Aug 262009
 
Authors: Alex Stevens

Chances are, much of the student body won’t be interested in the Collegian this early on, or ever. But for those who manage to find a copy of our fantastic student newspaper in their hands this very instant, I’d like to start the semester off lightly. So my frequently offensive, politically fallacious rants will have to wait for a later column.

Now, as a super-senior (which I highly recommend becoming), and with this being my last semester, I feel it proper to pause and reflect on my previous four years of CSU student life in order to offer you, most precious reader, some humble scraps of advice that just might make your student life this semester easier-especially if you’re a freshman.

I don’t mean to come off conceited or condescending, but this really is the kind of stuff I wish someone had told me early on in my college career. I recall the tips from orientation being disappointingly worthless.

First of all, freshmen, though it’s illegal, some of you are going to be drinking in the dorms. I know it, you know it, your parents are in denial about it, but most importantly your Resident Assistants (the Gestapo) know it too.

Do you really want to be the first jackass in your hall to get busted? Don’t be foolish. Keep the party quiet.

For instance, avoid unhinging your bathroom door to make a beer pong table (cough) . actually, just shy away from beer completely, the aluminum evidence clutters up quickly. Being loud, obnoxious and drunkenly retarded are guaranteed methods of assuring that an RA, or even CSUPD, comes knocking on your door.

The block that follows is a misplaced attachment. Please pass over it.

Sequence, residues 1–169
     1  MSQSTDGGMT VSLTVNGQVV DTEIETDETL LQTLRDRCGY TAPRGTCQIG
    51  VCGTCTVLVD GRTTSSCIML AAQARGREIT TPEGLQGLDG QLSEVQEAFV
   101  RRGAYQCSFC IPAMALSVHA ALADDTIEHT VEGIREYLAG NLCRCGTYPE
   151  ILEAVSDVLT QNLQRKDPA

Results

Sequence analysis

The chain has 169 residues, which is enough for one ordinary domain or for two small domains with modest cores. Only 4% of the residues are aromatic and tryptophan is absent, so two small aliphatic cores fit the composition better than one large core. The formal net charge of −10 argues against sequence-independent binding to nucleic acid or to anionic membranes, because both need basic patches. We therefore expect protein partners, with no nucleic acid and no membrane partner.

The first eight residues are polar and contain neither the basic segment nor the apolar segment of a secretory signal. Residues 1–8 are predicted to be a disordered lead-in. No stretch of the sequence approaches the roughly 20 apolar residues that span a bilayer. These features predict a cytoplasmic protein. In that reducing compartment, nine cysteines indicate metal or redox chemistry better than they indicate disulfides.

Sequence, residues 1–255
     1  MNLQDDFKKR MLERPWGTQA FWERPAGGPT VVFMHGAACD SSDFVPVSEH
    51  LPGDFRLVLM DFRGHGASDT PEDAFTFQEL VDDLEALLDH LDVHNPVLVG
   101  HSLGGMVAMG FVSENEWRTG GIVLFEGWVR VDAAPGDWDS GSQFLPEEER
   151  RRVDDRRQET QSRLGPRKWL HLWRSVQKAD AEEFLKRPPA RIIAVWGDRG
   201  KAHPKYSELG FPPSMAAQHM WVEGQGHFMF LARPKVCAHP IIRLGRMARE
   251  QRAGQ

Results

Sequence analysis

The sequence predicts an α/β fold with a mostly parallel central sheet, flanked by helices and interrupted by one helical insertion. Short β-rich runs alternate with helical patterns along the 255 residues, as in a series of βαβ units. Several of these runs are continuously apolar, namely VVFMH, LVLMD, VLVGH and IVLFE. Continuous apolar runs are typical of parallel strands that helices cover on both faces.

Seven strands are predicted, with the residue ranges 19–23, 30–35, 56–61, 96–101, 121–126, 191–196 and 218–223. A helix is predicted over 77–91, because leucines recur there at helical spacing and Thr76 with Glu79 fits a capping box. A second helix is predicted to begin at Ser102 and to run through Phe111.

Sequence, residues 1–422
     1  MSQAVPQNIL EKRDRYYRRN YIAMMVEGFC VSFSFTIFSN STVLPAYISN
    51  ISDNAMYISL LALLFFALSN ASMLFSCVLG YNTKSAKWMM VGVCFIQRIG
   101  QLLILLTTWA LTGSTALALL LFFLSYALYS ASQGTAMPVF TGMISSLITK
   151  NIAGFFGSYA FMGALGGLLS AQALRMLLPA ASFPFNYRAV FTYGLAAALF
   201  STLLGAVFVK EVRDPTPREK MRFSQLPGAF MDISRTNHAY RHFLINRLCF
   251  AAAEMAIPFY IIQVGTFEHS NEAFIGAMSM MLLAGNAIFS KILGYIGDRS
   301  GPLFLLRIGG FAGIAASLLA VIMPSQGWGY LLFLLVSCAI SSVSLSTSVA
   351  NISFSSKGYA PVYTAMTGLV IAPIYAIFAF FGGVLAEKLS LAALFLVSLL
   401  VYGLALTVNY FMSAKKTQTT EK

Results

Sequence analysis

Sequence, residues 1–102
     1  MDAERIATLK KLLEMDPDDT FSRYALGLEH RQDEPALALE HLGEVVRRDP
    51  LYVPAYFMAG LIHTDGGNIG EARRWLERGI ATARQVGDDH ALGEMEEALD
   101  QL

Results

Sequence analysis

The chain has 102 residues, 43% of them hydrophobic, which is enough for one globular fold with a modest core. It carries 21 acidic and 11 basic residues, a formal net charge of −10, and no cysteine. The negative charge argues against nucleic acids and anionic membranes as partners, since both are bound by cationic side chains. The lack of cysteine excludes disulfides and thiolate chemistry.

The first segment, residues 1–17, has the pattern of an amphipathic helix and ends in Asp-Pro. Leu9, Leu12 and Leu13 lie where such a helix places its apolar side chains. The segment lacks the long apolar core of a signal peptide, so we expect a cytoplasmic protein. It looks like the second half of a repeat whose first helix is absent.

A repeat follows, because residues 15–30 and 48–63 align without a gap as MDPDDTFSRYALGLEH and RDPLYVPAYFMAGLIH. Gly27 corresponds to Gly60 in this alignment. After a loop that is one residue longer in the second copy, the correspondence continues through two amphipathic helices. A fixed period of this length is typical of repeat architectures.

Honestly, your RA despises writing you up and desperately hopes that you don’t give them a reason to. If you’re smart, it’s win-win for everyone.

Skipping class is sexy, seductive and trendy. Unfortunately, these very sirens will also be the fastest way to screw yourself (academically, you pervert). Believe me, a lousy GPA your freshman and sophomore years has a way of haunting you.

Most of the kids I’ve known who’ve dropped out had shameful records of course attendance. Cutting class becomes addictive – the more you do it the more of a destructive habit it becomes.

Professors notice absence. Good ones can even smell your soon-to-be failure (never to be confused with Captain Morgan breath — that’s the smell of success) and will thus grade your papers like hard asses. A surprising number of entry survey courses can be passed by doing little or none of the “required” reading, but very few can be passed without your physical presence.

It might be too late by now, but resist buying your textbooks from the student center. I’ve personally had like-new textbooks shipped from the UK that cost less than heavily used ones from Lory. Even Big Dog is overpriced compared to Amazon.

Likewise, come the end of the semester you can nab much more on the return by selling them back online if you have the patience.

As much as you might not believe me now, the library will become your best friend. Once upon a time I thought I could study in my dorm, then at my house and later in my apartment. Turns out, not so much. Some people will claim to do it successfully, but they’re likely leaving out the bit about living alone.

Many hours were whittled away in fits of unproductive frustration until my chance meeting, and subsequent affair, with that shining beacon of scholarly salvation – the Morgan Library.

Be astounded! It contains dozens of nooks to hide away in, private group project rooms, laptops to be checked out, even decent coffee to be had. Every senior I know wishes they had discovered it sooner. Allow their pitiful regret to become your cherished fortune.

Obviously I’m now out of room – and advice (how coincidental!) – so have a marvelous weekend, CSU.

Alex Stephens is a senior political science major. His column appears Thursdays in the Collegian. Letters and feedback can be sent to letters@collegian.com.

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